I had my Royal Challenge moment earlier tonight, a tête-à-tête that I would have liked all and Kondy to overhear. It had all the makings of a highly forgettable conversation- I was into the last few minutes of a highly forgettable weekend, United had just lost to Everton and HOG and his threats of a back were still looming large on the horizon. I was hardly in the mood for any human contact, let alone three halfwits that proudly called themselves ‘True-Blues’. The next thirty minutes were a pleasant surprise- a reconfirmation of my constant accusation of Chel$ki being the embodiment of all things ugly in the beautiful game.

I never thought I could ever come to loathe anything more than Tutti-Frutti ice-cream and Liverpool FC. Then again, for all our hostility, there is an undeniable undercurrent of mutual respect in the Manc-Scouse rivalry. With Chel$ki, though, it is plainly a case of pure, unadulterated hatred. Strange, indeed, that only eight years ago, I eagerly looked forward to our trips to Stamford Bridge. Though never a fan, I really enjoyed watching the likes of Zola, Gronkjaer and Gudjohnsen play. Along came Abrahamovic with his oil. Chelsea would never be the same again. Nor would the Chelsea supporter. With the arrival of a bottomless bank account and an all-new squad, a new Chelsea supporter was born- one who did not mind the drab football Mourinho’s men played week after week as long as they brought (bought?) the silverware home. A Chelsea fan who turned up well in advance for the United-Porto game but leisurely sipped the Azad canteen’s heavenly mango shake fifteen minutes into his team’s own quarterfinal against Liverpool. One who spent hours cooking up lame Gtalk status messages, all on the recurrent theme of ‘I hate Man. United’ (Try this for creativity- ‘Roses are red, violets are blue; whatever you say, I’ll say F-U M.U.). A Blue who did not care how shamelessly Drogba dived as long as he won the all-important penalty. A Stamford Bridge where all in attendance believed that the end justified the means, no matter how many careers were ruined along the way.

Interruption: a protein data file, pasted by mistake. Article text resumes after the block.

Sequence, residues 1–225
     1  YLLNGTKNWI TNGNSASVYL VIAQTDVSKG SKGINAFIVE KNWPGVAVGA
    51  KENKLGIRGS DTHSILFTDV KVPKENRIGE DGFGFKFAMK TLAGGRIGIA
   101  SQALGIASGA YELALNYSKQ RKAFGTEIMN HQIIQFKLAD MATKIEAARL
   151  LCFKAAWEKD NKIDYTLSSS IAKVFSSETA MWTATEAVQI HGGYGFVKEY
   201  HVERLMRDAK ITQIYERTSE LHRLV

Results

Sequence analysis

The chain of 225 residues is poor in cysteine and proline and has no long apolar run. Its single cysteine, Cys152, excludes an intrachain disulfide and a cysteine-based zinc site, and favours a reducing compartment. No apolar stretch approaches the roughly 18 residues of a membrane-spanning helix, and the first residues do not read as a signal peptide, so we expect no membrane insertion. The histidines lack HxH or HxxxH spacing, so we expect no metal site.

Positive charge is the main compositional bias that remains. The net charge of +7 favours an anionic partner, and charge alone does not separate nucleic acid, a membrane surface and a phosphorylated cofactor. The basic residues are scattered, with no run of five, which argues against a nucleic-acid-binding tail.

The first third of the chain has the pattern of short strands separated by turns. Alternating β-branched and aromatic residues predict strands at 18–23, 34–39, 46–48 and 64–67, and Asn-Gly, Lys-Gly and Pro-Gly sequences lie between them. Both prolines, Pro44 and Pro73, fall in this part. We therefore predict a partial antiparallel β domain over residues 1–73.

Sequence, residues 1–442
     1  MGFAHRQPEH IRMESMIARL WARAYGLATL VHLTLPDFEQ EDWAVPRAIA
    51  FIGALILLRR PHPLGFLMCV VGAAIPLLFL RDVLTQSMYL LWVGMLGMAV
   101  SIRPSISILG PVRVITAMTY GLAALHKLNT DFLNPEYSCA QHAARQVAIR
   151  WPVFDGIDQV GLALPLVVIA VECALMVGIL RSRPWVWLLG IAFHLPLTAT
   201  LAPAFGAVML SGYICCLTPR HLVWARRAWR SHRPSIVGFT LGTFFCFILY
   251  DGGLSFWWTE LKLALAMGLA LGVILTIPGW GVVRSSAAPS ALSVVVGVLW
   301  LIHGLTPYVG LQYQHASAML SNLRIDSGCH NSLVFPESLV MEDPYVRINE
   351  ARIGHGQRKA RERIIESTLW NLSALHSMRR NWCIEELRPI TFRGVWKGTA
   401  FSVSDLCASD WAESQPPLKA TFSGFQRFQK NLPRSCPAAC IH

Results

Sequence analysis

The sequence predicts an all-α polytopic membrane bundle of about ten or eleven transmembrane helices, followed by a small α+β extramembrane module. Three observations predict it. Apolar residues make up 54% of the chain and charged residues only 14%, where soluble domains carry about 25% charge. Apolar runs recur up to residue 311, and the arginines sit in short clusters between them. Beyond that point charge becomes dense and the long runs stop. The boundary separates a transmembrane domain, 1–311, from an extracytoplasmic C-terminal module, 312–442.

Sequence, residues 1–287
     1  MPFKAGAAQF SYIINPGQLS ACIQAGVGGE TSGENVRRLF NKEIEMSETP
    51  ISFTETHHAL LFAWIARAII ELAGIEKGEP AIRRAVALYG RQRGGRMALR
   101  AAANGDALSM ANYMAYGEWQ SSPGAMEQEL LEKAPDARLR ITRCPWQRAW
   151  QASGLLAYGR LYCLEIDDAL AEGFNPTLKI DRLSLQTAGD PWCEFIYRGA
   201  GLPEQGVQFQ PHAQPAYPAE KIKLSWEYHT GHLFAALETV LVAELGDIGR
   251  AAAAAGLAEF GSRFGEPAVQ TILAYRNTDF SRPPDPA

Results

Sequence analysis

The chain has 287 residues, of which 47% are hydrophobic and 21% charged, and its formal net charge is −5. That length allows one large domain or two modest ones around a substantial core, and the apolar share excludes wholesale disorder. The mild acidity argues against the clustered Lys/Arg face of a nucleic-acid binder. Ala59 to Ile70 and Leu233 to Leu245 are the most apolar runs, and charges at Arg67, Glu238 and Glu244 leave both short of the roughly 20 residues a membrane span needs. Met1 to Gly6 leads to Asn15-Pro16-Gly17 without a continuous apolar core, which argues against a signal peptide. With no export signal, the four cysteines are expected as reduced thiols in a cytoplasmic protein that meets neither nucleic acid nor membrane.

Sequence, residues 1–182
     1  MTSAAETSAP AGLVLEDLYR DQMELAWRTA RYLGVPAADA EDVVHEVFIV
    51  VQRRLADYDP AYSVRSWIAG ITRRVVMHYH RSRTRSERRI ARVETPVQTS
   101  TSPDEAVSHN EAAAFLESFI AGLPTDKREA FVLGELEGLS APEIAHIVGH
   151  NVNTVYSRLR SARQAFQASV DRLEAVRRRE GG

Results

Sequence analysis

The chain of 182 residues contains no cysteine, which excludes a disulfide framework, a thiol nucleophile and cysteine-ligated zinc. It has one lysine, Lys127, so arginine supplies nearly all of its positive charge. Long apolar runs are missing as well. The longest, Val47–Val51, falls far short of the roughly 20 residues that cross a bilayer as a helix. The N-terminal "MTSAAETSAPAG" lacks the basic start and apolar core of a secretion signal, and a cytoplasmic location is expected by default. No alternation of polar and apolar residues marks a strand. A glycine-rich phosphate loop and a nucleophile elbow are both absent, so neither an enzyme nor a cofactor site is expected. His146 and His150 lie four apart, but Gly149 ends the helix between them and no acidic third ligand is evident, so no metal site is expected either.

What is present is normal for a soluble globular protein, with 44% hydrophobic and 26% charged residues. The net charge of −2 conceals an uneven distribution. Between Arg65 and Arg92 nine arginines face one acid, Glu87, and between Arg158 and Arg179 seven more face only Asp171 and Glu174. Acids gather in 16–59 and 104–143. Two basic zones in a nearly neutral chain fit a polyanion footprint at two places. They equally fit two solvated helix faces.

Tonight’s result left me gutted. Fingers will be raised as they indeed should be. Everton were by far the hungrier of the two sides. While Moyes rattled off instructions to his players minutes before the shootout, Fergie seemed to be asking Macheda what flavor of ice-cream he wanted for dinner. Even so, the kids did us proud; our youth squad tore apart the side that stands sixth on the league table, with nothing to show for it. The situation I faced was a hopeless one, though. How do you explain the importance of a youth academy to three ‘die-hard’ Chelsea fans? How do you make them understand that not every club bought all its players from West Ham and some still believed in grooming home-grown talent? How do you tell them that every player started off at a youth academy, gained experience, peaked and turned thirty before joining a club like Chelsea? Exasperated, I tried another argument. I asked them about Maniche, Shaun Wright-Phillips, Steve Sidwell and dozens of other talented players who were bought at the prime of their careers, only to be discarded a year or two later, no more than shadows of the players they were on arrival at the Bridge. ‘What have you got to say about Andriy Shevchenko?’ I asked them. ‘Or Carlo Cuducini?’ ‘Just three words,’ replied True Blue-I. ‘Manchester United sucks.’

I rest my case.

Thursday, 9 April 2009

There and back again